The Sultana Disaster
In the early hours of April 27th, 1865, mere days after the end of the Civil War, the Sultana burst into flames along the Mississippi River. The Sultana was a 260-foot-long wooden steamboat, built in Cincinnati in 1863, which regularly transported passengers and freight between St. Louis and New Orleans on the Mississippi River.
On April 23, 1865, the vessel docked in Vicksburg to address issues with the boiler during a routine journey from New Orleans. While in port, it was contracted by the U.S. Government to carry former Union prisoners of war from Confederate prisons, such as Andersonville and Cahaba, back into Northern territory. In order to fulfill the lucrative contract, J. Cass Mason, the Sultana’s captain, opted to patch the leaky boiler rather than complete more extensive and time-consuming repairs. Fearing that his colleagues were taking bribes to transport prisoners on other boats, Union Army Captain George Williams, who oversaw the operation, hastily ordered that all former prisoners at the parole camp and hospital at Vicksburg be transported on the Sultana. Although it was designed to only hold 376 persons, more than 2,000 Union troops were crowded onto the steamboat - more than five times its legal carrying capacity. Despite concerns of overloading from several officers, Williams refused to divide the men, insisting that they travel on one vessel.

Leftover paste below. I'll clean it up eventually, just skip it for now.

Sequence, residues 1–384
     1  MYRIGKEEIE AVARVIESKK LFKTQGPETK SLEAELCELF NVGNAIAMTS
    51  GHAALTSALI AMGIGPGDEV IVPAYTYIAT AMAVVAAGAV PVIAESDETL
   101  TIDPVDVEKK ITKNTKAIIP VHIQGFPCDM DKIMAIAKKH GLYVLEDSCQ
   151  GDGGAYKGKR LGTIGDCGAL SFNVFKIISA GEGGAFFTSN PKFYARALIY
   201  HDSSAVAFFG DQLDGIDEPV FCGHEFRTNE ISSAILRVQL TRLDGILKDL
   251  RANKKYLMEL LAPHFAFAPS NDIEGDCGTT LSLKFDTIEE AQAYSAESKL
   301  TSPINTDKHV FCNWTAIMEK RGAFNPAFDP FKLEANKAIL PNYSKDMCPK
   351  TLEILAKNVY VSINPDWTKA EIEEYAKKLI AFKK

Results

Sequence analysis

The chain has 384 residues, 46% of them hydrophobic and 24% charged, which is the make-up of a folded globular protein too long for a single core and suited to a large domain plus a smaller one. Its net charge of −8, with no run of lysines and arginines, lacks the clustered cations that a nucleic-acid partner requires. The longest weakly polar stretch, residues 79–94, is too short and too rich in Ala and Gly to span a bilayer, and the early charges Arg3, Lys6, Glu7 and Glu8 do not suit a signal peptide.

The Sultana steamed north up the Mississippi, but the severe overcrowding and faster river current caused by the spring thaw put increased pressure on its newly patched boilers. Shortly after leaving Memphis, Tennessee on April 27th, the overstrained boilers exploded, blowing apart the center of the boat and starting an uncontrollable fire. Many of those who were not killed immediately perished as they tried to swim to shore. Of the initial survivors, 200 later died from burns sustained during the incident. Researchers indicate that 1,195 of the 2,200 passengers and crew died, making the Sultana incident the deadliest maritime disaster in U.S. history.